Jordi: That figure of 25% is a North Star. There are some markets that have already got there, and others that are well below it. But the important thing that we want to signal is that e-commerce is growing, and will keep growing, because adoption will keep growing. 

Indeed, markets where the penetration is below the average are growing faster than markets where it is higher, so the digital influence is highly relevant across all markets. 

ESM: Leadership starts from the top, but when it comes to things like e-commerce, you need to ensure your teams are on board. How are you seeking to engage and empower your workforce about the ‘digitisation journey’ that Nestlé is on?

Jordi: That's a fundamental change. The name of the game is integration. We have centralised teams, and we have a centre of expertise, because we need to keep growing new capabilities – for example on retail media, or analytics. 

But at the same time, there’s no specific ‘online’ key account manager and ‘offline’ key account manager at our big clients, like Tesco for example. Everything is integrated. 

ESM: You mentioned retail media there. Obviously retail media opens up so much opportunity for collaboration between retailers and manufacturers – how do you see the potential of retail media from a consumer goods perspective?

Jordi: This is a very strong trend, which we are seeing everywhere. In the United States, for example, it has been a reality for some time, not only with Amazon, but also with Walmart, Target, Kroger and other retailers. Now, you see it gaining importance in Latam, in Europe, in Asia as well. 

I'm pretty positive about retail media in general – the potential to share data insights and leverage this information has the potential to be a win-win-win. It can be a win for retailers because it's an additional source of revenue, but it's also a win for consumers because when used correctly, it can enable the message to be personalised, improving the shopper experience. 

It can also be a win for brands, because they can avail of more targeted campaigns and more personalised messaging, which in turn can trigger growth.

Neel: I think that’s a very nice way to put it. There's definitely a win-win-win, and we can see that it’s going to grow very quickly.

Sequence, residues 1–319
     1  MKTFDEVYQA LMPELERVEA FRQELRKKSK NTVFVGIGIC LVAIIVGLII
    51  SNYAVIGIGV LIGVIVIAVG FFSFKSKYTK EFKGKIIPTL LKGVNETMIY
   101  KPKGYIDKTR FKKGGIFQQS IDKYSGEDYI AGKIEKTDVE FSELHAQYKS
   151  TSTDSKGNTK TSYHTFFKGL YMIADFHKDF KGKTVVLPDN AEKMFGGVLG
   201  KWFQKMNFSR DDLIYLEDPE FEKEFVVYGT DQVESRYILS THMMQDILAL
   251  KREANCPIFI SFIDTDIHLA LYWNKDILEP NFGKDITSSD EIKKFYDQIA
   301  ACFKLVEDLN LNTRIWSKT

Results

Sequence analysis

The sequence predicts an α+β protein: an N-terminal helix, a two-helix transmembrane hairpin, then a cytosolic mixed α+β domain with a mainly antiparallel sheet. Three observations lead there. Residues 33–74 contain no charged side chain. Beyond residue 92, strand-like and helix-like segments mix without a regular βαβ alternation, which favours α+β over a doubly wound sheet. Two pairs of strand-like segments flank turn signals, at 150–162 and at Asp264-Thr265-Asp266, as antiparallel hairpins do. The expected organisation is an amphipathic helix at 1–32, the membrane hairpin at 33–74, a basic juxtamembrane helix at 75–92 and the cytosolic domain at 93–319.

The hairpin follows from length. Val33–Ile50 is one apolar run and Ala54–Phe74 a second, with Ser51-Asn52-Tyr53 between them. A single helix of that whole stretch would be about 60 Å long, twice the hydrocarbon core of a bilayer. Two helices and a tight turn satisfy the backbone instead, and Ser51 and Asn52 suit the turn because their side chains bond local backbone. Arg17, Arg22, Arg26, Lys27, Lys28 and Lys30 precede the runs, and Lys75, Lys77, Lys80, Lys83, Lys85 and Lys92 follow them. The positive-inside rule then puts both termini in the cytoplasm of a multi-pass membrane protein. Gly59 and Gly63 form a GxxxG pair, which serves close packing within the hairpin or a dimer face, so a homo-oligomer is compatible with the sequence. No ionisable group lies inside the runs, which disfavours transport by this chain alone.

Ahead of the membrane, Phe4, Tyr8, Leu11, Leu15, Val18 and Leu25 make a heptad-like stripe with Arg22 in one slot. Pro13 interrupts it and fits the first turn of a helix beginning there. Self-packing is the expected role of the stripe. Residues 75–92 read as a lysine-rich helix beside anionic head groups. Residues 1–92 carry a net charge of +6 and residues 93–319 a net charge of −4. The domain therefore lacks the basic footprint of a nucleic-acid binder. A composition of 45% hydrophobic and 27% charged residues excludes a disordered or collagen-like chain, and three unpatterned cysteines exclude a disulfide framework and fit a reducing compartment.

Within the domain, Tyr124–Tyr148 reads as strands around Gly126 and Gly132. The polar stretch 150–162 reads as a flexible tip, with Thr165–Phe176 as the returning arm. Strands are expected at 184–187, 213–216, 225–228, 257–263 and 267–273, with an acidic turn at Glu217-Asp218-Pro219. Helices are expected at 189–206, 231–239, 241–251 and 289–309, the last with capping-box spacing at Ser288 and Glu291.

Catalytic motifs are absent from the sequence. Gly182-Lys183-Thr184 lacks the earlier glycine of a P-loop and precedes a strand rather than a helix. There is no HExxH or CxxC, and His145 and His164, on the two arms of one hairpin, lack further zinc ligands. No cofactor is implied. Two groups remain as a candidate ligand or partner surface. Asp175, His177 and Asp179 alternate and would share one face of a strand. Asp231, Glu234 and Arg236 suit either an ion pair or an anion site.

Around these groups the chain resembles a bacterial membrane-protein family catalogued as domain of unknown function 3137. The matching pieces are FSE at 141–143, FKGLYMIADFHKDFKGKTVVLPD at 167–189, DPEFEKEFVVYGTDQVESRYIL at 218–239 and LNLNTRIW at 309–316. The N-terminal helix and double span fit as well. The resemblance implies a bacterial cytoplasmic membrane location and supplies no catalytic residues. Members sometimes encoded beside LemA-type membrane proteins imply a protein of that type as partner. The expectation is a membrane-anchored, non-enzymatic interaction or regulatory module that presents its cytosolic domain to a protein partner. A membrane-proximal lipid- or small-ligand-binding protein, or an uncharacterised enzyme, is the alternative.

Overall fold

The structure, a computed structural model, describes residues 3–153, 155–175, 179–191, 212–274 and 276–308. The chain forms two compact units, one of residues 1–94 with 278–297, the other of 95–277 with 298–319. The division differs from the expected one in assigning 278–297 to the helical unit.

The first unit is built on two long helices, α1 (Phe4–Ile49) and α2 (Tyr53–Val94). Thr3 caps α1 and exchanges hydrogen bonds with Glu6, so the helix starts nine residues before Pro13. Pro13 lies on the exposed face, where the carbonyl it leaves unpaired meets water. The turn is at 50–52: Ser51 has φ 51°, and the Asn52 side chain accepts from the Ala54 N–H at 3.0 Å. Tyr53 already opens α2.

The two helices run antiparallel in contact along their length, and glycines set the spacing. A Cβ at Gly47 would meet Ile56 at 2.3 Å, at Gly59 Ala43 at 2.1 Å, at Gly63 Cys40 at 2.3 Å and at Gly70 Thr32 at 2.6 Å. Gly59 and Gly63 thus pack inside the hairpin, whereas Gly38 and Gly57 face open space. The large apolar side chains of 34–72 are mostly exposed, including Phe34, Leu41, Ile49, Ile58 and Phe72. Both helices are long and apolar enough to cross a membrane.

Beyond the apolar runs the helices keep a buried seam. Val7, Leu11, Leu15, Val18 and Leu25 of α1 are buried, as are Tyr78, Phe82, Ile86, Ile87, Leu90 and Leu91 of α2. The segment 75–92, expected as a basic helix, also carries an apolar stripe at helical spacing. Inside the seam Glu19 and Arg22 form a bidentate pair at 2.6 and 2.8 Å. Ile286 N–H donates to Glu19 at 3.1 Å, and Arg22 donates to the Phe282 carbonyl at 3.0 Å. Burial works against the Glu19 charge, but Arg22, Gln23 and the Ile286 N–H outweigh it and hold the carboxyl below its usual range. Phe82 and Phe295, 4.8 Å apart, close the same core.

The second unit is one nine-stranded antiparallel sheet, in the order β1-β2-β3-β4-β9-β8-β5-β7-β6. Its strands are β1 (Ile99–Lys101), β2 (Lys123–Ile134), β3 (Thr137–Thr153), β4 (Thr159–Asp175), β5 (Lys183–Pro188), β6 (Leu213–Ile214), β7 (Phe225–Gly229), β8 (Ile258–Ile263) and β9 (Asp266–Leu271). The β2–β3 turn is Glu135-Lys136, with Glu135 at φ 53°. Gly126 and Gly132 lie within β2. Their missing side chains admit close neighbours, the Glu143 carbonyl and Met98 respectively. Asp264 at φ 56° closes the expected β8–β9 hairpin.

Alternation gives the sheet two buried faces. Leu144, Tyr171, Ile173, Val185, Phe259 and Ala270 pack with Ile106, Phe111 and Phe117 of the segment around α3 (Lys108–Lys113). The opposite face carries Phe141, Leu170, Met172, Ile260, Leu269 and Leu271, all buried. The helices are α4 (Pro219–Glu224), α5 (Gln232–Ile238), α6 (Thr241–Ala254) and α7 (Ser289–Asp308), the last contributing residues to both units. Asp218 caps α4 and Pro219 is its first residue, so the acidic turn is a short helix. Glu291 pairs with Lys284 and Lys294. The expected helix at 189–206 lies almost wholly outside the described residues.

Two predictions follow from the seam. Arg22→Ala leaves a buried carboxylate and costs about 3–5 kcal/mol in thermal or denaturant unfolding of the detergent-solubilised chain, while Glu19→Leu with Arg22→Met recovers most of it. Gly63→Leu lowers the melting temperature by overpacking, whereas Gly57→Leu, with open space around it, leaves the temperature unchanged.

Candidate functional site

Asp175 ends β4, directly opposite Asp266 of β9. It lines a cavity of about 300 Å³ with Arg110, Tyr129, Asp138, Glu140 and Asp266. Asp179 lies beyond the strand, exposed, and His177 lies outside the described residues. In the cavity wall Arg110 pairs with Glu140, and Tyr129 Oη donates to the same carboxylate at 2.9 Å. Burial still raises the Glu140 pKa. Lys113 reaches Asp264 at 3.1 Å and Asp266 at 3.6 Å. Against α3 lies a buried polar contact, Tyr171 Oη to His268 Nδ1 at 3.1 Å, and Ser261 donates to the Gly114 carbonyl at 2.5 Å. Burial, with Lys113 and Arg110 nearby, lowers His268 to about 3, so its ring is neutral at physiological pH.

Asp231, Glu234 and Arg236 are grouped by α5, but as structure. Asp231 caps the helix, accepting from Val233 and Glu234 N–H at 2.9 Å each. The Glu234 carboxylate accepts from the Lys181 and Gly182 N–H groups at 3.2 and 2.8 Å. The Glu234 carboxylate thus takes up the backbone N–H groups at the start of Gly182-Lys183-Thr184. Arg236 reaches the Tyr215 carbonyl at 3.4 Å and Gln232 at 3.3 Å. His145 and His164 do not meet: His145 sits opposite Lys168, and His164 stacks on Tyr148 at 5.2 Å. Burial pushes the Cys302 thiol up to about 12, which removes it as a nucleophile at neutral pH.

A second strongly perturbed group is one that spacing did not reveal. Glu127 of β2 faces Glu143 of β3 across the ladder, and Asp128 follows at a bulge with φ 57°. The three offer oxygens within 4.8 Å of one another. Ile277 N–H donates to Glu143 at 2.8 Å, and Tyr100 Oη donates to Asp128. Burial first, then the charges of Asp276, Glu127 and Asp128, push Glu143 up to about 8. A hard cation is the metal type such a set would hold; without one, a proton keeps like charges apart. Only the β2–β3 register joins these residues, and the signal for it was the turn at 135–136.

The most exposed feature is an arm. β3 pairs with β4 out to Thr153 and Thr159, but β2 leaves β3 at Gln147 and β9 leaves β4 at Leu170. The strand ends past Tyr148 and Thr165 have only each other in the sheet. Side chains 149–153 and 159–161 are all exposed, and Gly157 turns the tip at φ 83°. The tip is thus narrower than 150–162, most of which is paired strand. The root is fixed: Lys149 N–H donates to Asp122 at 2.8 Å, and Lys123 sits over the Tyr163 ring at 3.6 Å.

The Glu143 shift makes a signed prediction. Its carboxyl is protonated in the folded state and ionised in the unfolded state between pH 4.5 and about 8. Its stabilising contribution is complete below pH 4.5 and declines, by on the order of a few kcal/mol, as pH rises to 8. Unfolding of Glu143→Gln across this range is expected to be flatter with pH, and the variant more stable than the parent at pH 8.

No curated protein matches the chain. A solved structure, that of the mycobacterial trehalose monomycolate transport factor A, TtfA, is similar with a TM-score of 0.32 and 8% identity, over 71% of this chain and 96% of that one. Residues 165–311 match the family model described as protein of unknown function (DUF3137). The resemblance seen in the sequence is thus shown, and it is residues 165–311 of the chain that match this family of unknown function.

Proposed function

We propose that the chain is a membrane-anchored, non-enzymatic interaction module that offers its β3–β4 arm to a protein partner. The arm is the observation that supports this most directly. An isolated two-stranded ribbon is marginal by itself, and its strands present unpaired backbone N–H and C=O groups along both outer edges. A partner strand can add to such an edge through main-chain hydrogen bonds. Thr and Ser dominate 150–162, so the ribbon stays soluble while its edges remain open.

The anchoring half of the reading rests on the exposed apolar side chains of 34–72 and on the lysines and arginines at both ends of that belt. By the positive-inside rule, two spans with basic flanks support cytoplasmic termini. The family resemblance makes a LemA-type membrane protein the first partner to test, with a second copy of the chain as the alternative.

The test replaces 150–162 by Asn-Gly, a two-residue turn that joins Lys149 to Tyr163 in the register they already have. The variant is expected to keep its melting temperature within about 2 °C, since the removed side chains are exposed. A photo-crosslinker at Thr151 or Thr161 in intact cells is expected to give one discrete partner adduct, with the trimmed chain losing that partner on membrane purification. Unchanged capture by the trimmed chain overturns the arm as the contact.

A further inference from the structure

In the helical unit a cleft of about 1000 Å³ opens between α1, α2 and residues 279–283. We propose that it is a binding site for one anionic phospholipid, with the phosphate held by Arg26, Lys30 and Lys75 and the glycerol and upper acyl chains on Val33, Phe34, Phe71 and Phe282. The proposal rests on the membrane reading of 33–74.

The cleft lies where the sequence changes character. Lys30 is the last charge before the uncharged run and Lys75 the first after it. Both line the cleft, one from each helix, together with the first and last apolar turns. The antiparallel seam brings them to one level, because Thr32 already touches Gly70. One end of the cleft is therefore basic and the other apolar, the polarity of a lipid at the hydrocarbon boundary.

For me, working as part of the sales team, any opportunity we have to invest more in our customers is really exciting. The opportunity – and the challenge – is that it creates a different relationship between brands and retailers. There’s a duality to it that requires you to treat it carefully as well. 

ESM: There’s been a lot of talk over the years about retailers and suppliers collaborating more, on things like logistics, or sustainability, and retail media has been a key to unlock that door. The data sets are being opened up for the first time, and it has been mutually beneficial for both retailers and suppliers. 

Jordi: As you say, this is only opening the door, because more and more, with the kind of challenges that we are facing as an industry – and as a society – collaboration is the only way. 

Consumers are more demanding. They expect a certain level of service. They expect rapid delivery. They expect us to be more sustainable. The only way to deliver on all these expectations at the same time is by working together.

That doesn't mean that it's easy – but our job is to try to overcome these barriers.

ESM: As businesses like Nestlé evolve, it’s going to require a different sort of mindset. Recruitment in the consumer goods sector is very challenging at the moment. How do you overcome that, and how do you attract people that have that mindset of ‘constant change’?

Jordi: That's a very good question. Internally, because of this, we launched what we call our 'next-generation sales module', because we realise that the retailers of the future are going to be very different from the retailers of the past, becoming ecosystems becoming much more digital, and so forth. 

This requires new ways of working, new capabilities, and new skills. We don’t have all the answers. We definitely need to be more digital savvy, more agile, and more able to use analytics. So we are doing two things at the same time – one, working to attract general talent, but also, attract specialists. 

We need specialists on e-commerce, we need specialists on retail media, but at the same time, we need to also raise the skills and develop the capabilities of our current teams.

ESM: So, agility is a prerequisite for anyone looking to join Nestlé?

Neel: Certainly we need agility to adapt to the extent of changes that are taking place. I think the only thing to add to what Jordi said, is that it's about culture. We’re seeing that being driven by our senior leadership – positive changes, bold digital ambitions, showing real intent. That filters down. I think that's really important.

ESM: So, you need to be able to think like a startup – even though you’re a 150-year-plus old organisation?

Jordi: The only thing that we know for certain is that the pace of change is going to accelerate.